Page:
Blue-eared Barbet (Psilopogon cyanotis)

IUCN Red List Status: Least Concern

Audio by Prayitno Goenarto (via xeno-canto.org)

Blue-eared Barbets can be identified by the multi-coloured mosaic patterns on their head. Predominantly green like all barbets, Blue-eared Barbets have dark blue, light blue, red and yellow patterns on their head. They get their name from the blue ear coverts which are significant in male barbets, while females display duller colours overall. Residents of northeast India, they are also found in Bhutan, Bangladesh, Myanmar and Thailand. They are mainly forest dwellers but are also seen in orchards, gardens and plantations. Blue-eared Barbets breed between January and August and build nests within the hollows of tree trunks. They are arboreal and feed on wild fruits, figs and berries which they forage from the canopies. 

     Blue eared Arijit Mahata IMG     bdgb | Nature Infocus
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Blue-eared Barbet (Psilopogon cyanotis) | Mahananda Wildlife Sanctuary, West Bengal | Photograph: Arijit Mahata

Blue-throated Barbet (Psilopogon asiaticus)

IUCN Red List Status: Least Concern

Audio by Peter Boesman (via xeno-canto.org)

Bright green in colour with a distinct blue throat and blue colouration around their eyes and a red-yellow crown – Blue-throated Barbets are a photographer’s delight. Like other barbets, these birds are canopy dwellers. They are found throughout the Himalayas; their range extends from northeast Pakistan all the way to Nepal, southwest China, Myanmar and Thailand. Unlike their counterparts, Blue-throated Barbets are often found along forest edges and in degraded forest lands. Breeding season begins in March and lasts till July. Blue-throated Barbets excavate nests in tree holes, and they feed on flowers, fruits, buds and insects like dragonflies, cicadas and ants.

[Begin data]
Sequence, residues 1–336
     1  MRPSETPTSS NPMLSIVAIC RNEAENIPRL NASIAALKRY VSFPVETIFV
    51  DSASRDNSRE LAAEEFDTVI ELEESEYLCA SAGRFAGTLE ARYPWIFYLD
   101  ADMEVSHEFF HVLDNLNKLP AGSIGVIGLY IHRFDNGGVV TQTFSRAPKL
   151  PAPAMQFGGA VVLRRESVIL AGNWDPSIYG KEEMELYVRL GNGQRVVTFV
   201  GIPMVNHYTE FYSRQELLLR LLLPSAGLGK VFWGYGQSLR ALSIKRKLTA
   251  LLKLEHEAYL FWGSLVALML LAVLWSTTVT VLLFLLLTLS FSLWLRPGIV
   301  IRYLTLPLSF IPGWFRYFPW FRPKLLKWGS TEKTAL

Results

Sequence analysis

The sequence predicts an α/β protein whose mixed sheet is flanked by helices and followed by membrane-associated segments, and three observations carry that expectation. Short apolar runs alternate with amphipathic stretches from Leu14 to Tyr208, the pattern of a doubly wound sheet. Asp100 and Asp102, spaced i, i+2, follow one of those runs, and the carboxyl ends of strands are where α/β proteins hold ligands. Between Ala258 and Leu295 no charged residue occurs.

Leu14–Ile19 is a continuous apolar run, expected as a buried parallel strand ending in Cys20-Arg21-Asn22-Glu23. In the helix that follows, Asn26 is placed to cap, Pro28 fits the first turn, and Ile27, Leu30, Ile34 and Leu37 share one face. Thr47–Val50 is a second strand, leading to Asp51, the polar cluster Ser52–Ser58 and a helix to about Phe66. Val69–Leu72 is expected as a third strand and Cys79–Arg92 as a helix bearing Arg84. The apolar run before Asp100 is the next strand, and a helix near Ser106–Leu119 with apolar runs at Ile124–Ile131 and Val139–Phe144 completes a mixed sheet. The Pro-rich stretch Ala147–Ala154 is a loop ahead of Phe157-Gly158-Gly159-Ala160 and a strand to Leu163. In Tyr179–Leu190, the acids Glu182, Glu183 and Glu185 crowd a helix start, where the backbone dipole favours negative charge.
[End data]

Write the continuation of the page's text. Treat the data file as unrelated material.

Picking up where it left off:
Blue throated Vineet Waghdhare                  | Nature Infocus
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Blue-throated Barbet (Psilopogon asiaticus) | Sattal, Uttarakhand | Photograph: Vineet Waghdhare

Great Barbet (Psilopogon virens)

IUCN Red List Status: Least Concern (Population Decreasing)

Audio by Peter Boesman (via xeno-canto.org)

The colourful Great Barbets are the largest among the barbet species. With a striking dark blue head and a yellow bill, Great Barbets display chestnut brown, green and blue plumage along with brown and yellow underparts. They are mainly found in India and its neighbouring countries like Pakistan, Nepal and Bhutan. Their preferred habitats are forests, but they also reside in plantations and orchards. They are shy birds and tend to stay hidden in forest canopies. Breeding season is between February and September when they build nests within tree cavities and holes. Great Barbets feed on fruits, flowers, seeds, buds and occasionally insects.